ISR Strong Motion Network, India
The Indian subcontinent has a history of devastating earthquakes. The major reason for the high frequency and intensity of the earthquakes is that the Indian plate is driving into Asia at a rate of approximately 47 mm/year. Geographical statistics of India show that almost 54% of the land is vulnerable to earthquakes. On December 26, 2004, the third deadliest earthquake in the history of the world occurred off the west coast of northern Sumatra. The earthquake had a magnitude of 9.1. The tsunami that was generated killed 15,000 people in India. Because of the frequency and intensity of earthquakes there, India takes earthquakes very seriously. The Institute of Seismological Research (ISR) -- under the Science and Technology Department, Government of Gujarat -- formed in 2006. ISR is the only institute in India fully dedicated to seismological research; it is working to quickly develop into a premier international institute.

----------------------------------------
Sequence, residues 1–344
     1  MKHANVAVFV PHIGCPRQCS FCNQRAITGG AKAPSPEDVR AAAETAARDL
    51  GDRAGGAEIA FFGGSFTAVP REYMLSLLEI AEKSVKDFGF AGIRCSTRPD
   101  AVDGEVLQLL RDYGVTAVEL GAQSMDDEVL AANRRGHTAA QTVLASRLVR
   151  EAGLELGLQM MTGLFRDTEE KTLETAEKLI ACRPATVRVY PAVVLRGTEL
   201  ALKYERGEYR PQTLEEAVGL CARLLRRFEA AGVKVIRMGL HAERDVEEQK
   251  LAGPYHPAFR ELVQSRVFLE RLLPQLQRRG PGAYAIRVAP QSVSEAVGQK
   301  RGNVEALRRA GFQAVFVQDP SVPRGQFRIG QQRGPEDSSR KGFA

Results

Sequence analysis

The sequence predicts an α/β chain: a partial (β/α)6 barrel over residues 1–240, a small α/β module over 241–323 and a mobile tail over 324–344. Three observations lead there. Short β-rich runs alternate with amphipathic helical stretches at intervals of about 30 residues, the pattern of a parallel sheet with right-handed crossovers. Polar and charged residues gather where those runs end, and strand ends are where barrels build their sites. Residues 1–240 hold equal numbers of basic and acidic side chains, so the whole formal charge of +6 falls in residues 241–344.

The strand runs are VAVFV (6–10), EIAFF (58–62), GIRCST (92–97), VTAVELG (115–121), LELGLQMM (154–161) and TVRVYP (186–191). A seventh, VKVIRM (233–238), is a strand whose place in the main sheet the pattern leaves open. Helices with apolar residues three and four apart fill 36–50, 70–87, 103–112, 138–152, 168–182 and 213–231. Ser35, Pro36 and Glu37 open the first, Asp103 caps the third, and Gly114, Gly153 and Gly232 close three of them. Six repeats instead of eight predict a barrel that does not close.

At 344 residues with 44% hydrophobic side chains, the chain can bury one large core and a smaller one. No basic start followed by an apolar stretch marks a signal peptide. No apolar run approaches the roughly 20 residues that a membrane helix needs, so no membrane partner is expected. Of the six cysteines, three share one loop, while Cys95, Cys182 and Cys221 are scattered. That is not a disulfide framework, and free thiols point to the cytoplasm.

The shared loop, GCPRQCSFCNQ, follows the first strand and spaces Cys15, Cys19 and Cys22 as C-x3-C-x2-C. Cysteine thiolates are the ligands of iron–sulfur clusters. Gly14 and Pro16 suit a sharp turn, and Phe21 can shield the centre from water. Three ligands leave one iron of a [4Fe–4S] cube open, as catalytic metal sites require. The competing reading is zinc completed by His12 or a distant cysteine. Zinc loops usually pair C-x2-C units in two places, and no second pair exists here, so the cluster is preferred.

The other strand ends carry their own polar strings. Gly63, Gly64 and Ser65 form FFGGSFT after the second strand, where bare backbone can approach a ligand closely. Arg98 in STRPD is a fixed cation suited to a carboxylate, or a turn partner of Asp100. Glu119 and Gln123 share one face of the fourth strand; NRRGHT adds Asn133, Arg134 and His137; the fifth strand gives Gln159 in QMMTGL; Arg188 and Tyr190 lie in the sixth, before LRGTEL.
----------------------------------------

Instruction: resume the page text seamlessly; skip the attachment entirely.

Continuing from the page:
To become a premier international institute, ISR is developing a seismic network. Their goal was to establish 19 broadband seismic stations (BSS) throughout the state for seismic zonation of the State of Gujarat in western India.
To connect these seismic observatories, ISR needed a technologically advanced and reliable system. GeoSIG, through its Partner Gannon Dunkerley & Co., Ltd., was able to provide 300 x GSR-18 and 300 x AC-63 sensors. The BSS observatories are connected by VSAT to the Centration Station at Gandhinagar. The seismic activity is monitored round the clock. The details of any regional earthquake are reported within a few minutes. In addition, GeoSIG was able to provide training regarding the equipment. With its increasingly extensive network of observatories, ISR is able to measure seismic activity for use in: earthquake hazard assessment, earthquake prediction research, national and international scientific collaboration, published papers, and making long-term earthquake prognosis.